By Brett Edward Stout
Originally published on Advocate.com May 02 2012 1:14 AM ET
In the latest round of arrests Monday, 17 Russian citizens in the country’s second largest city were stopped from displaying rainbow flags, rainbow suspenders, and other rainbow insignias.
The arrests were made in St. Petersburg under the city’s new law, which bans any display of so-called gay “propaganda,” public discussion of homosexuality, transgender people or bisexuality. Any display of homosexual conduct that could potentially be seen by minors is also banned.
Those arrested today, who were participating in the annual Russian May Day march, were selected specifically from the more than 400 marchers in the Democratic section of the parade. None were formally charged with violating the “propaganda” law. Instead, after being detained for seven hours, the protestors were charged with violating administrative codes about non-compliance with police and participation in illegal demonstrations.
Polina Savchenko, head of LGBT organization Coming Out, notes that the law is being used to silence speech by exploiting government processes. "The fact that only LGBT rights supporters were detained today is proof the law is working perfectly as it was intended,” Savchenko said. “Its goal is to stop any public LGBT rights activity. Police will use the ‘propaganda’ argument to stop any action and detain its participants. The subsequent court hearings and judgments are immaterial."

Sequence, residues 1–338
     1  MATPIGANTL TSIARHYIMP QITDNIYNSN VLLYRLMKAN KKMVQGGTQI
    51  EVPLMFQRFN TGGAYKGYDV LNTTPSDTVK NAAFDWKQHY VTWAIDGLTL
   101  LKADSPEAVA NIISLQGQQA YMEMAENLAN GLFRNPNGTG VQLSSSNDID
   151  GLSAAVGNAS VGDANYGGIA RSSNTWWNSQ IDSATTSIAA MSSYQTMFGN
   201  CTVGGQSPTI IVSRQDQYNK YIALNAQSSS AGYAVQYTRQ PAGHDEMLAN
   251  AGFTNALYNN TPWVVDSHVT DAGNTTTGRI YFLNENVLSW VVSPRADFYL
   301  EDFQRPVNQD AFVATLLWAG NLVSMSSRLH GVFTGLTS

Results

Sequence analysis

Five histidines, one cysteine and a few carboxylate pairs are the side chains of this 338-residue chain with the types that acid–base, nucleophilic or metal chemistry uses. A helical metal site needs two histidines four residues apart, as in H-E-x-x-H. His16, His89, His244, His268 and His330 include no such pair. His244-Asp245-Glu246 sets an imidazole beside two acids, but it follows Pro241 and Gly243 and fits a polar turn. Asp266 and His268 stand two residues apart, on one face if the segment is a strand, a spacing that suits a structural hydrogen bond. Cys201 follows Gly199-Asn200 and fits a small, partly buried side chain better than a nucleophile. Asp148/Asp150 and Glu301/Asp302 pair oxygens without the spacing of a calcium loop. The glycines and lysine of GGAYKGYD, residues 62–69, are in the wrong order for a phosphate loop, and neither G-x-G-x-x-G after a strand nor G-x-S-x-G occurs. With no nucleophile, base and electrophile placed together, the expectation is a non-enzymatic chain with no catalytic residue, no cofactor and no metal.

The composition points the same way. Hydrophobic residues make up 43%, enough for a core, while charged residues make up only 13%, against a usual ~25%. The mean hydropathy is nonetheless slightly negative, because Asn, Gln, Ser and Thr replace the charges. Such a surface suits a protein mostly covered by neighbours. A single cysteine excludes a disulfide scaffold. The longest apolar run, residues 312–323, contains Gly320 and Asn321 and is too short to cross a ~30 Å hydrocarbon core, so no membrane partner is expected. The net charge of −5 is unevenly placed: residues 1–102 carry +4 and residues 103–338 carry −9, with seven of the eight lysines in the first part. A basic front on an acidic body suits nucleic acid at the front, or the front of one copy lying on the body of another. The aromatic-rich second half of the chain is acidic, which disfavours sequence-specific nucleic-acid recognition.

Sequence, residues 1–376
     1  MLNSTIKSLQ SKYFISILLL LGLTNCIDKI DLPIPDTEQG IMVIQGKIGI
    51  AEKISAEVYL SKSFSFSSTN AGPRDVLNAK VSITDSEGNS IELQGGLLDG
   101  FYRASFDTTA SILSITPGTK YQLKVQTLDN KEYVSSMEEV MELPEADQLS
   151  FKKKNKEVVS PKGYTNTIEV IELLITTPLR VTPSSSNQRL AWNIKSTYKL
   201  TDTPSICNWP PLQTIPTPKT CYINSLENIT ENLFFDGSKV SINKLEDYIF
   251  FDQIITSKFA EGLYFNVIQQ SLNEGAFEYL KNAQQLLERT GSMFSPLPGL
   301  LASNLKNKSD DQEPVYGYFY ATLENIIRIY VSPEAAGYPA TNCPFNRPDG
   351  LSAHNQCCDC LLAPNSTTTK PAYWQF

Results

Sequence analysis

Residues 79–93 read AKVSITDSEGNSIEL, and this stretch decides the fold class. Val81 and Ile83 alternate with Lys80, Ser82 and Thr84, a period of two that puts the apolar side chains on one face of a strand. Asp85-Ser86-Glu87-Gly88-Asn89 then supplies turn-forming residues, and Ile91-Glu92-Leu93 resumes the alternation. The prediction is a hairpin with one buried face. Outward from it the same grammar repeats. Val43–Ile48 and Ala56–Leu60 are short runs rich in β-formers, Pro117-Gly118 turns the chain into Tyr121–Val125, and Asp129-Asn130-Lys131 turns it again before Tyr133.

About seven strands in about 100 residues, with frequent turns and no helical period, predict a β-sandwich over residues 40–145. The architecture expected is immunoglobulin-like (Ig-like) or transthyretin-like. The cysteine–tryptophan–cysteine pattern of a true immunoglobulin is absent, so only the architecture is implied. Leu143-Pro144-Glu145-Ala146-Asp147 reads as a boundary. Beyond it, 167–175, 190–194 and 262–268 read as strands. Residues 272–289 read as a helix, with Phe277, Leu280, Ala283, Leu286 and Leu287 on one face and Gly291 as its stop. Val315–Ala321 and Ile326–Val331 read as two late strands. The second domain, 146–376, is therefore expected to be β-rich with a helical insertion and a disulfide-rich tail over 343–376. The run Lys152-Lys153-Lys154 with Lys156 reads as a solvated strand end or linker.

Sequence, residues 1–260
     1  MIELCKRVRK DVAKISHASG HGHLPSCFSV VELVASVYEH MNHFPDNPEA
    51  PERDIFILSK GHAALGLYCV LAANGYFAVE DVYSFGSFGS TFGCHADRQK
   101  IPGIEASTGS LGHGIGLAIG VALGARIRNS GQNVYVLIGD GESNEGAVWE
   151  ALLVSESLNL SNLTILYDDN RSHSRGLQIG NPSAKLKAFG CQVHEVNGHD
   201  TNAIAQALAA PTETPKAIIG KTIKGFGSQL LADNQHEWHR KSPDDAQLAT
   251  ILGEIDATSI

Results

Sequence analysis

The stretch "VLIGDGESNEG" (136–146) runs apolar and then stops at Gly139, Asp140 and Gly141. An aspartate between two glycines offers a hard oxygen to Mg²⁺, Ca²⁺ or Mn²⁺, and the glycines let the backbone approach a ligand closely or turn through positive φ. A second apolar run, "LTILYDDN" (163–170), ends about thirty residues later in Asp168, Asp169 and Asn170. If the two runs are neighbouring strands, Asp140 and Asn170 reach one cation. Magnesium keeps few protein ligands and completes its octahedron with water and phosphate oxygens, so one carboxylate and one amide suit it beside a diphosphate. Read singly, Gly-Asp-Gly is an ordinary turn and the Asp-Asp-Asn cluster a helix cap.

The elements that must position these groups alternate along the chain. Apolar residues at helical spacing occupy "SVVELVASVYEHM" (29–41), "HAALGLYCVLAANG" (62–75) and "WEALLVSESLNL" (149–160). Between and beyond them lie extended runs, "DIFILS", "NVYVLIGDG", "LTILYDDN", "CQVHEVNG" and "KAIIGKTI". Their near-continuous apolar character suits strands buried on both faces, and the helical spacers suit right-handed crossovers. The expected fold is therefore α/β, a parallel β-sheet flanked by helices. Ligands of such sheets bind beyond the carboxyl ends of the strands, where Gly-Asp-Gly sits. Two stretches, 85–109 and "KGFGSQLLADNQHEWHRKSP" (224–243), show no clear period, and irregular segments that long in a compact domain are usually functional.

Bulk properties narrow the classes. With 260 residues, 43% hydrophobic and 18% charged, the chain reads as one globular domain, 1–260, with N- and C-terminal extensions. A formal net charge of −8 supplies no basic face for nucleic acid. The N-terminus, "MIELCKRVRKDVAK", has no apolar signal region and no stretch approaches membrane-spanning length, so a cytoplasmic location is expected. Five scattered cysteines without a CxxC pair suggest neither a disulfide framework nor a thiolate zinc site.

In related news, The Moscow Timesreported last week that the local Moscow legislature has been working in committee on its own version of the St. Petersburg law. According to the Russian news agency, an ironic bit of fairness is being considered for the new bill. Deputies from inside the discussion have said that Moscow’s bill would ban all sexual “propaganda,” not just that about homosexuality.
The suggestion, introduced by City Duma speaker Vladimir Platonov on Monday, is an attempt to shield Russia’s children not only from alleged homosexual perversion, but also from the mention of any sexual content.
“If we talk about the simple writing of the law, it would be possible to limit distribution of the material and harvest already-existing experience,” Plantonov said in a statement, adding that his quest won’t stop in Moscow. He also intends to "address to the Federation Council in order to prepare a good federal legislative initiative that would protect minors from all the negative information."